Robb Report - Jaclyn Trop

Instead of IM Pei's one-size-fits-all tower from 1962, this new generation will be designed to fit their surroundings. They'll also be made of recycled steel and renewable timber for sustainability.

In 1962, Pei’s small firm won a competition to create the standard blueprint for air traffic control towers across the country, providing the perch for controllers to monitor and clear planes for taxi, takeoff and landing. But many of those mid-century modernist structures are now entering their seventh decade in operation, including Chicago O’Hare, Sacramento, Madison, and Jacksonville, well beyond their intended life span—and, according to critics, they pose a significant threat to the environment.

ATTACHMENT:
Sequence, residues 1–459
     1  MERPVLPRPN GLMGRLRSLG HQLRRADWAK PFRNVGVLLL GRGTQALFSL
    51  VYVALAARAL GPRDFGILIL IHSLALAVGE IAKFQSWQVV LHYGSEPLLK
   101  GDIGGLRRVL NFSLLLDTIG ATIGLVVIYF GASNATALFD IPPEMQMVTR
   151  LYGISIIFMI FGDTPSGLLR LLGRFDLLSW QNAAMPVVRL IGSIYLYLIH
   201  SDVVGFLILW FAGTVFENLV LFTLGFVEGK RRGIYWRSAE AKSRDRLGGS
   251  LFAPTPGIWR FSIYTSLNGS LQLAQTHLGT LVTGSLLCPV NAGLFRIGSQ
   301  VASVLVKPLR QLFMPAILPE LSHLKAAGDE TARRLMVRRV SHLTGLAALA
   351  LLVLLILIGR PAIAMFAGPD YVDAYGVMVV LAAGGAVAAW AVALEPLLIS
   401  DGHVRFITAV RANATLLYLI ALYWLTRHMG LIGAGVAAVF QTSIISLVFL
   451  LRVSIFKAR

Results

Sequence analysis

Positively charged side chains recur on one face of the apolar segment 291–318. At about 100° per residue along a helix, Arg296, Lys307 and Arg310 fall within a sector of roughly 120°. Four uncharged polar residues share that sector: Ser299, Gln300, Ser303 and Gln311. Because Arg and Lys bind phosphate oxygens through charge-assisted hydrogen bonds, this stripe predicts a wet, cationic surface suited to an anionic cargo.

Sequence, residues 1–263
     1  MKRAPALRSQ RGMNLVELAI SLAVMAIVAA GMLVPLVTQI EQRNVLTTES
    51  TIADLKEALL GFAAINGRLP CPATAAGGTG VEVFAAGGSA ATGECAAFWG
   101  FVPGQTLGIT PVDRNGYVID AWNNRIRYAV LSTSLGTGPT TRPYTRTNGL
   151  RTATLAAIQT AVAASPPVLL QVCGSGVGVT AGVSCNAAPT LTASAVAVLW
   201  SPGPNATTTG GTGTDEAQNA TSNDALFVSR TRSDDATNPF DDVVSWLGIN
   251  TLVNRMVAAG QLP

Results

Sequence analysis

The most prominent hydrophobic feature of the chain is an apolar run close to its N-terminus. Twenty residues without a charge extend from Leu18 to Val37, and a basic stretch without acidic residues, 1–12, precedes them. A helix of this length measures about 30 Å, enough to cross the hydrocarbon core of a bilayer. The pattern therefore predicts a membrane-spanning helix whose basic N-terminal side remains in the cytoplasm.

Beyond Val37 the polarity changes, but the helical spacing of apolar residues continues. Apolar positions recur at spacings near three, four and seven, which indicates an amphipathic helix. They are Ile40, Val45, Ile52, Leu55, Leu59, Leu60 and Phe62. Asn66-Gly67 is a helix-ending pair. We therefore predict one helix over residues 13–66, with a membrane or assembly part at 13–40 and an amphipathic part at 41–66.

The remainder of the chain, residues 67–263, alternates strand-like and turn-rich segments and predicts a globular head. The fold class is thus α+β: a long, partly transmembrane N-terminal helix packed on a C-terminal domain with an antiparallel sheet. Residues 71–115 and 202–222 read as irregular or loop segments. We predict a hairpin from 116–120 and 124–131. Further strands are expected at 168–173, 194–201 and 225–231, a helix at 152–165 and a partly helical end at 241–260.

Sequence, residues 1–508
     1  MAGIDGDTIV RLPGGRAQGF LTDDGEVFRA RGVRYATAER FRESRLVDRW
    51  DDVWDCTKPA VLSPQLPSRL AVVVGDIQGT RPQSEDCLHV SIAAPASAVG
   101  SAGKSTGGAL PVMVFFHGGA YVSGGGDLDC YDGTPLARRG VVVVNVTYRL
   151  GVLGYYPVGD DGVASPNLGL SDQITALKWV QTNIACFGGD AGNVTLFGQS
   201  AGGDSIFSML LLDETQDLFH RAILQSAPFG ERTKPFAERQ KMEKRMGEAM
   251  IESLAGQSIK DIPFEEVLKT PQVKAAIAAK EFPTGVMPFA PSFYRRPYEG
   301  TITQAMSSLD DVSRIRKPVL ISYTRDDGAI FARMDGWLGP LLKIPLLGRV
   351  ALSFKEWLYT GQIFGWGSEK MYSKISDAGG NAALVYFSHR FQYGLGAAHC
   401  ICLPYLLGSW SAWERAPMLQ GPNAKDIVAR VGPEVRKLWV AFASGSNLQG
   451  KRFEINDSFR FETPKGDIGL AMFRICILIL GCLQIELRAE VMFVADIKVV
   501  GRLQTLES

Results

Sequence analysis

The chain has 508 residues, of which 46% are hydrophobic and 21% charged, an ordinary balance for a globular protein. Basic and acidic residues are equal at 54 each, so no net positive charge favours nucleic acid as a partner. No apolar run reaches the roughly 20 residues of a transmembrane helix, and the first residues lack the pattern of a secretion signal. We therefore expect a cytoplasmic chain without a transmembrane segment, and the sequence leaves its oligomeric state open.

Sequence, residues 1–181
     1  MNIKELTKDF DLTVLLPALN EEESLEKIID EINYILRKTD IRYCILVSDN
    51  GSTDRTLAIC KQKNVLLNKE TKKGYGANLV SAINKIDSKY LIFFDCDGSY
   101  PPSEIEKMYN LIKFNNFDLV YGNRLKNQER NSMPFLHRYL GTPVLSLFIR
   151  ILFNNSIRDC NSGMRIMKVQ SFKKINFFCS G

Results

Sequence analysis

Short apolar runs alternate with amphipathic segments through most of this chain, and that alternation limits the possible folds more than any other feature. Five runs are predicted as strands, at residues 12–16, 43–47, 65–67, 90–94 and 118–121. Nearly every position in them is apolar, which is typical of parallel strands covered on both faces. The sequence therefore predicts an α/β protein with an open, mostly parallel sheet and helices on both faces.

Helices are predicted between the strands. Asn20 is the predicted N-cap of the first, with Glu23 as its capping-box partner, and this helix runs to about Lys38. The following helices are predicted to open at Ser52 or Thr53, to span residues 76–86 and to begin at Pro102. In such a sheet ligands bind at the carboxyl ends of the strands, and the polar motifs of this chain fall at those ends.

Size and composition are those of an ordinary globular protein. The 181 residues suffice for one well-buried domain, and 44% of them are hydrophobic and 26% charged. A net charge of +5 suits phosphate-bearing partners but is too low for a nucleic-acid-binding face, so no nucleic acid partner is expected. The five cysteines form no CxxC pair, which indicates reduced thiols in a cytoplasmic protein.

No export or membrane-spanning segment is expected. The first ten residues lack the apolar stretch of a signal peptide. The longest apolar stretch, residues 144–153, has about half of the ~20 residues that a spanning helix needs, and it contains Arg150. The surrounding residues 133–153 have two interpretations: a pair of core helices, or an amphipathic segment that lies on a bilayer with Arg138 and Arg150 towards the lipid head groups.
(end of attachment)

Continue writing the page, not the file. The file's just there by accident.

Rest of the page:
Now, more than 60 years after Pei made his first sketches, the Federal Aviation Administration (FAA) has awarded a contract to a New York architecture firm to create an updated, more sustainable design. 

The FAA said it is targeting 31 control towers for the first round of construction, including airports in Detroit, Philadelphia and Fort Myers, Florida. The first groundbreaking could take place as soon as next year.

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